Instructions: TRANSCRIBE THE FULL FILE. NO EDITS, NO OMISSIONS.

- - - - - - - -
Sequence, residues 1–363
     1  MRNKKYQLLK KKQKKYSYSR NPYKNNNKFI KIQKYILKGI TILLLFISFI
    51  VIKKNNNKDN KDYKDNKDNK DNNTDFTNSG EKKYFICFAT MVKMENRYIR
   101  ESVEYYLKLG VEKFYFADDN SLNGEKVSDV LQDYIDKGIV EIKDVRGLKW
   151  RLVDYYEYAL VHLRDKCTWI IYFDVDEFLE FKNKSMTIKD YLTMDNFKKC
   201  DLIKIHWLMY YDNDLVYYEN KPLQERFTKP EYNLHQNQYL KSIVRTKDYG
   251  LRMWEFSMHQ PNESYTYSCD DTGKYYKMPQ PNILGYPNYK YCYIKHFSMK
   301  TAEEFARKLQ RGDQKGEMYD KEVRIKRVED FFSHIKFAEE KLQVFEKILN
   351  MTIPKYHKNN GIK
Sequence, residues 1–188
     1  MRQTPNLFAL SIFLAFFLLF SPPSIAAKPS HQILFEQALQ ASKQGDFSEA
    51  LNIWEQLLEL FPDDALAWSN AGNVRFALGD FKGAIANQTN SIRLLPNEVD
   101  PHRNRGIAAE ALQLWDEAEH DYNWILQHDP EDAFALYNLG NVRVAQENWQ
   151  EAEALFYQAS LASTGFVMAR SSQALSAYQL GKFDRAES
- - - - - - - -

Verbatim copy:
Sequence, residues 1–363
     1  MRNKKYQLLK KKQKKYSYSR NPYKNNNKFI KIQKYILKGI TILLLFISFI
    51  VIKKNNNKDN KDYKDNKDNK DNNTDFTNSG EKKYFICFAT MVKMENRYIR
   101  ESVEYYLKLG VEKFYFADDN SLNGEKVSDV LQDYIDKGIV EIKDVRGLKW
   151  RLVDYYEYAL VHLRDKCTWI IYFDVDEFLE FKNKSMTIKD YLTMDNFKKC
   201  DLIKIHWLMY YDNDLVYYEN KPLQERFTKP EYNLHQNQYL KSIVRTKDYG
   251  LRMWEFSMHQ PNESYTYSCD DTGKYYKMPQ PNILGYPNYK YCYIKHFSMK
   301  TAEEFARKLQ RGDQKGEMYD KEVRIKRVED FFSHIKFAEE KLQVFEKILN
   351  MTIPKYHKNN GIK
Sequence, residues 1–188
     1  MRQTPNLFAL SIFLAFFLLF SPPSIAAKPS HQILFEQALQ ASKQGDFSEA
    51  LNIWEQLLEL FPDDALAWSN AGNVRFALGD FKGAIANQTN SIRLLPNEVD
   101  PHRNRGIAAE ALQLWDEAEH DYNWILQHDP EDAFALYNLG NVRVAQENWQ
   151  EAEALFYQAS LASTGFVMAR SSQALSAYQL GKFDRAES